Men's Yankees Hats: New York Yankees Caps
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Welcome to the worlds greatest guide to men's size
New York Yankeeshats. Are you actually looking
for men's Yankee headwear? Well, we hope you are because the reality is that
you have found our men's Yankee hat page. In this area of the Apparel Search
directory, you will find all sorts of interesting information regarding Yankee hats
Baseball team hats are not only "baseball caps". Your
favorite team logo can be printed, embroidered, or embellished in some other manner
onto a wide variety of headwear styles. You can even add a team logo onto
a cowboy hat. However, the most common sports team hat for baseball is the
actual baseball cap style. And the most popular team logo for such a hat would
be the New York Yankees.
A baseball cap is a type of soft cap with a rounded crown
and a stiff peak projecting in front. The front of the cap typically contains designs
or logos of sports teams (namely baseball teams, or names of relevant companies,
when used as a commercial marketing technique).
Yankees baseball hats typically have the team logo.
About the New York Yankees Logo
Throughout much of their tenure as the Highlanders, the
logo was variations of a stylized N and Y, which lay separately on either side
of the jersey's breast. In 1905, the two locked for one season, but not in the
way used today. It wasn't until 1909 that the team changed to the familiar
interlocking NY that would be the team logo long after the team became known as
the Yankees, and would continue to be the cap insignia until today. The
interlocking NY was originally designed by Tiffany & Co. and struck on a medal
of honor presented in 1877 to John McDowell, a NYC police officer shot in the
line of duty. The primary logo, created in 1947 by sports artist Henry Alonzo
Keller, consists of "Yankees" against a baseball, written in red script with a
red bat forming the vertical line of the K, an Uncle Sam hat hanging from the
barrel. The logo was slightly changed over the years, with the current version
first appearing in the 1970s. The interlocking NY has varied greatly, and there
are currently three major versions in use. The first is the cap insignia, in
which the N and Y are of about the same size and unadorned. The second is the
logo on the breast of the home jersey. This logo first appeared there in 1912,
continued through the 1913 renaming to the New York Yankees, and after
disappearing in 1917, returned for good in 1936, although there have been many
small but apparent changes through the years. In the jersey logo, the Y is
larger, the letters more blocky, and the curves more exaggerated. The third is
the print logo which is used extensively in marketing, is painted behind home
plate at the Stadium, and appears on the team's batting helmets. The N is larger
and more curved, and the letters have large serifs at the end. In 1992, the
Yankees along with all MLB teams, had an MLB logo on the back of their caps for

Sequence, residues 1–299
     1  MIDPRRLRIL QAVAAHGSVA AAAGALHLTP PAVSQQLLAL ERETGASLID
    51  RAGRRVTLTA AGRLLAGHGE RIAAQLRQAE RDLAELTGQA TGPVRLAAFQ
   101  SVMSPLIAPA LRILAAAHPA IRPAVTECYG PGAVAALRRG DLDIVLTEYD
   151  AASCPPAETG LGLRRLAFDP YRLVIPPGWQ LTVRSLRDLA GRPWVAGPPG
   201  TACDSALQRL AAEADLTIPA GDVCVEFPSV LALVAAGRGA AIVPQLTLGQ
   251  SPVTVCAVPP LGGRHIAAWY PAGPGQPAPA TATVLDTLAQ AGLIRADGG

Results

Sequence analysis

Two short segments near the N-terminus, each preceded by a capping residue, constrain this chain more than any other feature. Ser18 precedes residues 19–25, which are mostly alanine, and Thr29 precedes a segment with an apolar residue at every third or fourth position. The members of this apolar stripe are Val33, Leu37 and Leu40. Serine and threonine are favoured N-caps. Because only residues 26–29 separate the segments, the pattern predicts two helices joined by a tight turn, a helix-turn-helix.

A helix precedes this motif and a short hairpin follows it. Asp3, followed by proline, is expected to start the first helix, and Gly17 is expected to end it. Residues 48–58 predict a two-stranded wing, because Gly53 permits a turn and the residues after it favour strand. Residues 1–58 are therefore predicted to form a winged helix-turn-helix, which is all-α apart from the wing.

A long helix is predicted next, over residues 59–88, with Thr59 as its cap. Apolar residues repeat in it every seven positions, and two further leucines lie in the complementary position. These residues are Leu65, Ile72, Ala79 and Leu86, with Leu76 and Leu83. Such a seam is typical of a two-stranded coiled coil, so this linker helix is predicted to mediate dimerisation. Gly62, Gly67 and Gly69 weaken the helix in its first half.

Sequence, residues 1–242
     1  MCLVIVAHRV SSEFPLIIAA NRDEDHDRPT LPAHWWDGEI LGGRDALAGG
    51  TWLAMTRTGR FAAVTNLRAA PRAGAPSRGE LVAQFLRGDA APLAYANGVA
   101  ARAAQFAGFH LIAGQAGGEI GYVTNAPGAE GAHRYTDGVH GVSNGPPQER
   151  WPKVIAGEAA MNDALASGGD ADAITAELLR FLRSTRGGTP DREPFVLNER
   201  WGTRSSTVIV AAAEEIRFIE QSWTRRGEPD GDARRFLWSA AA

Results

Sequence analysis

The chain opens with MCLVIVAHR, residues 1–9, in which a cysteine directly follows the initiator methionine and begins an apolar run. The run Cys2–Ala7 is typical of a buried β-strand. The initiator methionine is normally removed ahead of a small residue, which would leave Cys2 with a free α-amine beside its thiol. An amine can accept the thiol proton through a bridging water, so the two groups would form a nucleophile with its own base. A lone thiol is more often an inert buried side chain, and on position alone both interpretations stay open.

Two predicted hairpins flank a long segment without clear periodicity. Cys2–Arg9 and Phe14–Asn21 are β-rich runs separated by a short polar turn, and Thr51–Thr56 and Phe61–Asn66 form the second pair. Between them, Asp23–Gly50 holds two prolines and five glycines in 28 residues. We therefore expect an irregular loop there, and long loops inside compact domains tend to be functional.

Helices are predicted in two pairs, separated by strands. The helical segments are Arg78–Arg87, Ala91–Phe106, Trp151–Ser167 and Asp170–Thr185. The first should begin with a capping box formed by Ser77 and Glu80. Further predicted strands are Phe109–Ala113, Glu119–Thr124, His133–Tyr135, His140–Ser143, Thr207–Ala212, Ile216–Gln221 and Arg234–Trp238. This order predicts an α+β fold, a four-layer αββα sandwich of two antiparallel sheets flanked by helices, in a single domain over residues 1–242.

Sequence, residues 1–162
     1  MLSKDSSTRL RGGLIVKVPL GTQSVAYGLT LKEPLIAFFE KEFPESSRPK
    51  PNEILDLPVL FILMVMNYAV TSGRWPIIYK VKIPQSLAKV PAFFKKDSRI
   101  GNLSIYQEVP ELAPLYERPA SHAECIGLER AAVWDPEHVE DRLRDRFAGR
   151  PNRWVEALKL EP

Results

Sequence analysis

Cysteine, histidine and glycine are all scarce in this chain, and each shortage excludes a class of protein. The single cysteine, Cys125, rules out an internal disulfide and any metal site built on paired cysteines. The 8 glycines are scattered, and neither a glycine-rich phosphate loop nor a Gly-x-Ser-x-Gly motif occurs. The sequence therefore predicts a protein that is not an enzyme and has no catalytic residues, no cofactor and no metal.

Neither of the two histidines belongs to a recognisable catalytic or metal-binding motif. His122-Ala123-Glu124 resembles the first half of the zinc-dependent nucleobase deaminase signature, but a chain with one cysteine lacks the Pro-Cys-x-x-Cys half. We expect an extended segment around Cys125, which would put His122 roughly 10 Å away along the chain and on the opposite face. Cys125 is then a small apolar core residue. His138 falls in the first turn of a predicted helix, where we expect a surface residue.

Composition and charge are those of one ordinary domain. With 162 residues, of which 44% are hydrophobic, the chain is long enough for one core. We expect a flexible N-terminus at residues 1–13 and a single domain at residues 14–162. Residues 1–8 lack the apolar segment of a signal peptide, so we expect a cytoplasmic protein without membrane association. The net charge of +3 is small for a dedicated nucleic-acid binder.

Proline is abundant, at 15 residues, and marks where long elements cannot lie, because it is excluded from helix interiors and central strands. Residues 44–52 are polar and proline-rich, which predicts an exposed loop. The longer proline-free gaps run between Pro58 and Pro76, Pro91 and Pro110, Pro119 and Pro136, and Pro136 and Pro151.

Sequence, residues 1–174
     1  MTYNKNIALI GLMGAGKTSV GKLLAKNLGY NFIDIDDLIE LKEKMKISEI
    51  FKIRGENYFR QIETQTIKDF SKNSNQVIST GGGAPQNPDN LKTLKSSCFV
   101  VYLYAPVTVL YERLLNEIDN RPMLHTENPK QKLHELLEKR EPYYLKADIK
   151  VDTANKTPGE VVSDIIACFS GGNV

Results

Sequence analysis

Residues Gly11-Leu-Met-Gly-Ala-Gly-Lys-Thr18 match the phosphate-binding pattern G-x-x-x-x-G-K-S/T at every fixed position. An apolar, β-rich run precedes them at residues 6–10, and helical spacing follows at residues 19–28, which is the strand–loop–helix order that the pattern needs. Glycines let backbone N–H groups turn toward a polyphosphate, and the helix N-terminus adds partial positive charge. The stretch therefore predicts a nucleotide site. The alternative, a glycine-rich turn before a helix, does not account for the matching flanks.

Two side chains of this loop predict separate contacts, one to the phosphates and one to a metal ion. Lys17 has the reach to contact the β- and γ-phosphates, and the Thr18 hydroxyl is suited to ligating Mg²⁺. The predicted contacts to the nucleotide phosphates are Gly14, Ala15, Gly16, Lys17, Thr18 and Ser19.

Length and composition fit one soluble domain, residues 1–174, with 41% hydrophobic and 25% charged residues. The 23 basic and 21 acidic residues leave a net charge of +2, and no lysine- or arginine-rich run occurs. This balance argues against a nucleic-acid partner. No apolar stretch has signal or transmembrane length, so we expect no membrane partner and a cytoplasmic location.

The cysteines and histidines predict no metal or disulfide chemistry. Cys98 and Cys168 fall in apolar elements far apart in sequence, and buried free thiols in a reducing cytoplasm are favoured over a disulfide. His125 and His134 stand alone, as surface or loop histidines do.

the first time. The following year, the Yankees became one of the last teams to
wear a cap with a green underbrim. They did not switch to a gray underbrim until
1994, when most teams had been wearing a gray underbrim since the late 1980s. In
the 1996 World Series, the Yankees, along with the Atlanta Braves, became the
first teams to wear their caps with World Series patches sewn on the side. In
1998, the Yankees had the number #39 sewn on the back of their caps, next to the
MLB logo, for Darryl Strawberry, because he was suffering from colon cancer at
the time. When the MLB season opened in 2001, it was the 100th Anniversary of
the American League. The Yankees had an AL 100th Anniversary patch on the side
of their caps for the opening day series. When the Yankees celebrated their
100th Anniversary in 2003, they had a patch on the side of their caps,
commemorating it as well. The Yankees along with all MLB teams stopped wearing
wool caps, beginning in the year 2007. The new caps now have a black underbrim
to reduce glare, and a more 3D MLB logo on the back. In 2009, to celebrate the
inaugural season at Yankee Stadium, the Yankees had an inaugural season patch on
the back of their caps. It is the first time in MLB history that a patch was in
the back of a cap instead of just the MLB logo. However, the Yankees players
that played in the 2009 Major League Baseball All-Star Game, in St. Louis had
the regular MLB logo on the back of their caps. Starting in the 2010 MLB season,
the Yankees MLB logo on the back of the caps and the back collar of the jerseys
had gray behind the bat of the MLB logo instead of the usual red, which was
present on Yankee caps since 1992. The Yankees use a block letter "NEW YORK"
wordmark on the gray road uniform which has also become emblematic. There is
also a print version of the full name, which is of a more fanciful script than
the name appears in the team logo.
Yankees Cap Trivia: During a July 4,
2008 game against the Boston Red Sox, the Yankees wore a special
stars-and-stripes cap with an American flag pattern inside the interlocking N-Y.
It was "thought to be the first time in their history" that the Yankees had worn